Bipartisan commission recommends modernization of government data policies

The Commission on Evidence-Based Policymaking (CEP), a bipartisan group of experts formed by an Act of Congress in 2016, issued a report in September that suggested improvements to usability of government data, while maintaining strong privacy protection for individuals. (Data covered by the CEP report contain no personal information about subjects, and are used primarily for statistical purposes.) A September 26 CEP presentation to the House Oversight and Government Reform Committee was met with confusion by some lawmakers, who incorrectly expected these data to identify waste or fraud, or to include research outcomes rather than supplying authorized researchers with datasets useful for establishing evidence-based policy. The CEP recommended loosening some restrictions on the use of Federal datasets, while establishing a National Secure Data Service to curate data while maintaining appropriate privacy precautions.

Tech companies face role in Russian election interference

More details in the Russian disinformation campaign in the 2016 election came to light this week, as Facebook and Twitter acknowledged that Russian actors used their platforms to influence American elections. Tech leaders are pledging to increase vigilance and transparency in combating this information warfare, but the federal government has dragged its feet on addressing foreign propaganda in American media. Rather than condemn Russia's meddling, President Trump accused Facebook of favoring his opponent in the presidential election.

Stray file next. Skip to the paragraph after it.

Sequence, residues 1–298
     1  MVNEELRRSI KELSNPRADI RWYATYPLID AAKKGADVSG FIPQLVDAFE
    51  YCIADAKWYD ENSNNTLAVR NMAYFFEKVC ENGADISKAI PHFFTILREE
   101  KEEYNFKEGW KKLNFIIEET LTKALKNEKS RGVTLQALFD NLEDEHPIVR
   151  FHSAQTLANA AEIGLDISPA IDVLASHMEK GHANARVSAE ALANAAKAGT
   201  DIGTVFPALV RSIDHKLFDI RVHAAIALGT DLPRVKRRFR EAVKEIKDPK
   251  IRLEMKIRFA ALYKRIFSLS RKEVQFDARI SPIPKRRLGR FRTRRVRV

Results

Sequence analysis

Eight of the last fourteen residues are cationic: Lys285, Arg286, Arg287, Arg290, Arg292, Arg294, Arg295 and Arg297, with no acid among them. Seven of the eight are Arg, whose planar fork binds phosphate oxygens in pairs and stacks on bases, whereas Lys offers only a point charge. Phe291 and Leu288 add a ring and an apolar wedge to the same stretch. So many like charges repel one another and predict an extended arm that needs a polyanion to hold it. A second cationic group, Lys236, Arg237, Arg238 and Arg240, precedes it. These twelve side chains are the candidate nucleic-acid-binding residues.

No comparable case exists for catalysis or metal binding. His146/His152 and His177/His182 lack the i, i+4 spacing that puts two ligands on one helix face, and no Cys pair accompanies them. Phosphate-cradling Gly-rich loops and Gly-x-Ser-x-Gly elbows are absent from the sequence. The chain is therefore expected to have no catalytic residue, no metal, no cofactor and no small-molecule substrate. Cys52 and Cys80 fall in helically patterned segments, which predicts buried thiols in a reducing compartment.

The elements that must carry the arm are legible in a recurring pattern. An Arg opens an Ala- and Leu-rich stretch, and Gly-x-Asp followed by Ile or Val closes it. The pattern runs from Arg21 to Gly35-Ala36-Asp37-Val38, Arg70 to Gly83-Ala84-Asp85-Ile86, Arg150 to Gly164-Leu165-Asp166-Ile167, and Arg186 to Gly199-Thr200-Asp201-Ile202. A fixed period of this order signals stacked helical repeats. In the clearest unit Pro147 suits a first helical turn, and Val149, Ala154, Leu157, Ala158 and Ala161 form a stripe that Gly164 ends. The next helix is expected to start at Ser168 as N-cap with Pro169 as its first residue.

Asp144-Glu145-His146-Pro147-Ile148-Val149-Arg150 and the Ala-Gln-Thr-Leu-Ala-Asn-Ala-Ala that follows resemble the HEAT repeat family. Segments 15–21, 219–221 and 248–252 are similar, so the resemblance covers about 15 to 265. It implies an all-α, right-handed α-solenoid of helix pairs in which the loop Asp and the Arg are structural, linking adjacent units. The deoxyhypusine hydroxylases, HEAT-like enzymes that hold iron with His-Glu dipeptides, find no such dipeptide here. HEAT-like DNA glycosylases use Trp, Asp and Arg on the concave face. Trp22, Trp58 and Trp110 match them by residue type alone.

Hurricane-struck islands finally have EPA administrator

After nine months without an administrator for the Environmental Protection Agency's (EPA's) Region 2 (which includes Puerto Rico), the EPA named Peter Lopez to the position on September 28. Lopez, a Republican state assemblymember from New York, will be the regional administrator for New York, New Jersey, Puerto Rico, and the U.S. Virgin Islands. During his 11 years as a New York state legislator, Lopez has been a member of the assembly's environmental and agricultural committees. He is slated to visit Puerto Rico in mid-October to observe and assess the environmental damage caused by Hurricane Maria. Lopez will also face pre-existing challenges: prior to the storm, Puerto Rico already had 23 Superfund sites, including a former U.S. Navy bomb-test area on the island of Vieques that is heavily contaminated with toxic waste and potentially compromised by storm flooding.


Quick takes

  • Tom Price resigned as Secretary of Health and Human Services on September 29, after a scandal involving his use of expensive, taxpayer-supported charter flights to do government business. EPA head Scott Pruitt and Interior Secretary Ryan Zinke are also under fire for their use of non-commercial flights.
  • On September 25, the American Association for the Advancement of Science (AAAS) released a statement of concern that Trump's new immigration and visa restrictions will harm U.S. science.

Highlights from partner organizations